Each option has pros and cons. And, in all of the choices, government must balance public demands, private interests and costs.
For instance, coastal residents need a road to access their homes. But what about the road that washes away in every storm?
Kristl recalled hearing a DelDOT employee say, “There’s a point at which it just doesn’t make sense to [rebuild] anymore. … All the money we put in to maintenance gets washed away with the next storm.”
DelDOT could also cease maintenance and “return” the road to the county or municipality, but that, too, has political consequences.
Audience members at the May 15 presentation discussed issues involving small islands sinking in the inland bays, homeowners associations and more.
“The people of Delaware have to figure out ‘This is what we want to do.’ It has to be, ‘We’ve adapted. We’re ready for when the seas rise,’” Kristl asserted.
“[With] more discussion, people can feel their voice is heard and hear what the other side saying,” he added. “‘This sounds like a reasonable compromise.’”
That will create a united front in moving forward, he said. Discussions will need to happen long before a unified plan is developed in future years.
“If we just let the sea impose its will on us, we may regret not taking the opportunity to have that discussion,” Kristl warned.
Encouraging people to even act is a big step, he noted. It’s hard to see something that will flow slowly over 100 years, so they’re less likely to feel urgent action is needed. Plus “inertia is a powerful force,” so usually something must shock people into action. That something might be another hurricane or lawsuit.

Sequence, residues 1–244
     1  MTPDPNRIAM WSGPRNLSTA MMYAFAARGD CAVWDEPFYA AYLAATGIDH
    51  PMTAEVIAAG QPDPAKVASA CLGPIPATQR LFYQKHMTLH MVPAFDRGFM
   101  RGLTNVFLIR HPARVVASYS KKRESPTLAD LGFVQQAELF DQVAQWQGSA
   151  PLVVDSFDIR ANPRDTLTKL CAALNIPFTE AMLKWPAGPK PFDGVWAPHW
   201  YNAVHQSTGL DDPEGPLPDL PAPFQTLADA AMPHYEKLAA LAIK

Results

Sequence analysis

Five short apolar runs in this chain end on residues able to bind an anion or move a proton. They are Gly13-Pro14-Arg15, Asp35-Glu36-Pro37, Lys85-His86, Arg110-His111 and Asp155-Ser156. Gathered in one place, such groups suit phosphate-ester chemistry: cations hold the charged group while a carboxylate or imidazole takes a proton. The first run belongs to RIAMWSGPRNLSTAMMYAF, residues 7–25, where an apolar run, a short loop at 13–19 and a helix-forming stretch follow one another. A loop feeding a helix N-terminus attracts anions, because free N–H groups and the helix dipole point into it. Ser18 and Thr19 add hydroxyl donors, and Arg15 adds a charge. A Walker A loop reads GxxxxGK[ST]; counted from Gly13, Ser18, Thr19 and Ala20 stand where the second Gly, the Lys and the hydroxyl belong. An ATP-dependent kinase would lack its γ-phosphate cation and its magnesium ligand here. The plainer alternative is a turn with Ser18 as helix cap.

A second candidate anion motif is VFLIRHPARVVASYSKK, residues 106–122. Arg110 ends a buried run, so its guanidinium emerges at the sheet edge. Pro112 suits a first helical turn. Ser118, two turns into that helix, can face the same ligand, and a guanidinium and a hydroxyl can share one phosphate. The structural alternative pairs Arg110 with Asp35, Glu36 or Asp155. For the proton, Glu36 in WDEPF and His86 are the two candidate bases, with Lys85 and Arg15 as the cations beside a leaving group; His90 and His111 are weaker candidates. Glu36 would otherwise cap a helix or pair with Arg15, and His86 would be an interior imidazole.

Courts may also set the path, Kristl said. He noted that he had read about insurers suing the City of Chicago and surrounding towns, alleging the governmental bodies had failed to increase the capacity of stormwater management, despite evidence of increased rainfall, causing huge sewage backups.
Through litigation to clean up Delaware bays, said ILB Board President Ron Wuslich, 11 agricultural standards have been written, 10 of which make compliance voluntary. Rules written to prepare or improve things may require litigation but may still take a long time.
Some people may be willing to pay for the extra risk, and that’s another variable. For decades, many people had a discounted insurance rate through the federally subsidized National Flood Insurance Plan. But claims piled up with the storms, and the NFIP has gone into the red by billions of dollars.
The Biggert-Waters Act of 2012 was designed to ensure property owners pay their fair share, to make the insurance agency more solvent. But some property owners were horrified to see their payments increase tenfold. As a result, Congress recently repealed parts of that act, to ease the payment pain. But the deficit remains.
“That’s a very concrete example of the choices we’ll have to make,” Kristl said. “Who should bear the risk? Who should pay the cost?”
Kristl’s full report will be posted for free online in June, at www.widenerELC.org.
The Inland Bays Foundation is a private non-profit advocating restoration of the Inland Bays watershed by conducting public education, tracking restoration efforts, encouraging scientific inquiry and sponsoring research, to establish a long-term process for the protection and enhancement of the Inland Bays.
“We want bays full of crabs and full of fish,” said Wuslich. “We want to wade along the shore and see our feet, and we don’t want to get sick after swimming or waterskiing.